The fixture that I have uses about 400W, comparable to eight 4′ fluorescent tubes. I turn it on for 7 hours/day to match the hours of sunlight on the shadehouse during the winter on bright days. In reality, the outdoor orchids receive much less light in the winter due to clouds, rain, and low sun angle.
While seven hour is notably less than I would use a lower-intensity fluorescent fixture in winter (11 hrs/day), the higher intensity LED light more closely simulates natural sunlight, and therefore, I do not believe there is a need for longer hours to compensate (which is evidenced by the flowering and growing results reported below). In another article, I describe this more fully with the concept of the “daily light integral” and LED lighting. I plan to bring the orchids back outside in the spring, but I would increase the length of “indoor sun” in the warm months if I grew year-round under the LED lights.
There is a 50db fan that runs continuously to disperse heat from the fixture. It is relatively quiet, but noticeable in an otherwise silent house; I wouldn’t want it in the living room. The lights do add a some heat to the room; the temperature drops notably after they turn off in the late afternoon. This works ideally as I can maintain 45F nights and 70-72F days with no supplemental heat in the space (other than central heating in the rest of the house set at 67F during the day). If I close the door to the growing room, it will warm into the upper 70s.
You can get all of the tech specs and spectrum information that you could ever want from the Amare Technology website or emailing their customer service … what I can better offer you here is my orchid growing results. (And no one is paying me or giving me a discount for writing this article, in case you are concerned).
Simply: I am thrilled and the growing space (and SolarPro SP400) has exceeded my expectations. I won’t be returning to fluorescent lighting in the future.
So far this season, I have Cymbidium banaense (eburneum), Cymbidium Cherry Blossom, and Dendrobium loddigesii flowering. Cymbidium schroederi is developing buds on a bloom stalk (just a 1″ spike when it came inside before the first hard freeze). The nobile dendrobiums are filling up with buds, and one is just about open today. Many mounts are now flowering or in spike, including, Dendrobium prenticei, Dockrillia lichenastrum, Dockrillia striolata, and Dendrobium nugentii (Dockrillia linguiforme). Dendrobium victoria-reginae, Dendrobium Eltonese, and Dendrobium cucumerinum are the most vigorous that I have seen them (probably not just because of the lights; the warmer nights and higher humidity are likely more amendable conditions than the outdoor shadehouse).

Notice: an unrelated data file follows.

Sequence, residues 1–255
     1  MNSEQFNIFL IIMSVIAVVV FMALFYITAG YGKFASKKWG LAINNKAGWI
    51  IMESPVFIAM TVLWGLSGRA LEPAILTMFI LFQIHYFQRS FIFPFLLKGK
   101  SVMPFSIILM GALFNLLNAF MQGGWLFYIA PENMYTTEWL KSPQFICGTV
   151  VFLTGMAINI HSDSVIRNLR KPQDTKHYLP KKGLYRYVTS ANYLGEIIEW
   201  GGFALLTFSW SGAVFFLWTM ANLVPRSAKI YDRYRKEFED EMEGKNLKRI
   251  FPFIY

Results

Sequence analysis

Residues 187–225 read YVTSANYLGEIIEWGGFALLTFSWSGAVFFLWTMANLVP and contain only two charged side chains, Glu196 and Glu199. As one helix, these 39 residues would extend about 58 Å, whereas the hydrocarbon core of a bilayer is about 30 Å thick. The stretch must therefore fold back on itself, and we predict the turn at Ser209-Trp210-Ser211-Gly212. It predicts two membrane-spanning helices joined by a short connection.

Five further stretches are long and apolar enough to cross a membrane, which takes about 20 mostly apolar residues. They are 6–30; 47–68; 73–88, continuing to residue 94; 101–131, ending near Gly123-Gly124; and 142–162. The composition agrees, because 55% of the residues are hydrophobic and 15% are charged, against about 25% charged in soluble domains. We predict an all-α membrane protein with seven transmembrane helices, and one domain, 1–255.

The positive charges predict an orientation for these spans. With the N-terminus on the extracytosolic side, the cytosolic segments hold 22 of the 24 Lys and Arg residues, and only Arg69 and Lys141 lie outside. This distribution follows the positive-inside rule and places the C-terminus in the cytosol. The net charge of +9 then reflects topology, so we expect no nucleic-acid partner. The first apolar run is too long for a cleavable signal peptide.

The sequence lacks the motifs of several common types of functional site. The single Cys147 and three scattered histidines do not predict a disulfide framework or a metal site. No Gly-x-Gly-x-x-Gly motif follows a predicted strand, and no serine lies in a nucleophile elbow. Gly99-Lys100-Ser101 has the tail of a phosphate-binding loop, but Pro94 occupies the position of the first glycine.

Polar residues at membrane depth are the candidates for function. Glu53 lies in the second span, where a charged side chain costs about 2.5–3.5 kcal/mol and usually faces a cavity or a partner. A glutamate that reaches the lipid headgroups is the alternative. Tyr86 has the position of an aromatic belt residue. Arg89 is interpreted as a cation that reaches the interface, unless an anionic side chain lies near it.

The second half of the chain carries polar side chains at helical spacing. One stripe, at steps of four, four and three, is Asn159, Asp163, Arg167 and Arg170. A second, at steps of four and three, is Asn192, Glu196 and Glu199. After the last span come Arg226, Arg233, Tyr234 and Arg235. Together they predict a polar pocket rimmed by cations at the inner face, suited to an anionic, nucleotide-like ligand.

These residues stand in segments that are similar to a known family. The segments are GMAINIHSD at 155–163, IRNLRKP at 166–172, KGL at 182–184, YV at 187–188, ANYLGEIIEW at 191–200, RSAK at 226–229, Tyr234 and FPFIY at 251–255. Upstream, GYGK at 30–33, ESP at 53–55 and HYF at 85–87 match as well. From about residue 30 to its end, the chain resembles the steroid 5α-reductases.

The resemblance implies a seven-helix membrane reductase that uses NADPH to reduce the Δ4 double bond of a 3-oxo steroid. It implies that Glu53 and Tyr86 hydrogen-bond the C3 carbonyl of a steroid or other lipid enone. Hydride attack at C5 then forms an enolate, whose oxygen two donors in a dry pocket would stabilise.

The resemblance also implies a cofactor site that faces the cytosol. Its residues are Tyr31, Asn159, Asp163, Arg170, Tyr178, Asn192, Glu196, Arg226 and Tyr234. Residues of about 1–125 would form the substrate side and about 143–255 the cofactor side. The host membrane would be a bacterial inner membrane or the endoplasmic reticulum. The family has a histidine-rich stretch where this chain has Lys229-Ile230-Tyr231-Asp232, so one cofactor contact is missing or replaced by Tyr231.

I will update this article later in the season, after the winter dry rest for the Callista section dendrobiums and Barkeria. The Dendrobium lindleyi are hanging just about 15″ under the light panel and show no signs of burning; likewise for the upper leaf tips of the Dendrobium victoria-reginae.
I was so pleased with the growing and flowering results for the over-wintering setup, that I added a second high intensity LED fixture for year-round growing, to accommodate species that thrive with cool temperatures, high light, and high humidity. In particular, I have concentrated on cooler growing Dendrobiums from New Guinea and the Philippines, Sarcochilus, Barkeria, and Dockrillia (Dendrobiums) from Queensland, Australia. Plus a few high light Epidendrum — at the top of the mount panels, the high intensity LED lights actually put out too much light for most Dendrobium species and I wanted to make use of the entire growing area.
The growing and flowering results have been superb (see the Epipendrum porpax photo with 21 flowers!). The ease of maintaining the mounts has been enjoyable. The growing area stands in a 4’x4′ hydroponic flood tray, allowing me to mist and water till dripping wet everyday. Once a week, we use a wet-dry vac to vacuum up the excess water. Humidity is maintained at 60-70% and the LED lights do not add excessive heat. I use a small fan to circulate air in the room, and open the windows at night for cooling in our 50F (10C) nighttime temperatures. All in all, I would say that my growing results for mounts and baskets have been much better than in the outdoor shade house, in large part to due to the constant high humidity. In fact, most of my shadehouse mounts have migrated indoors permanently after seeing such robust root growth under the indoor LED light setup.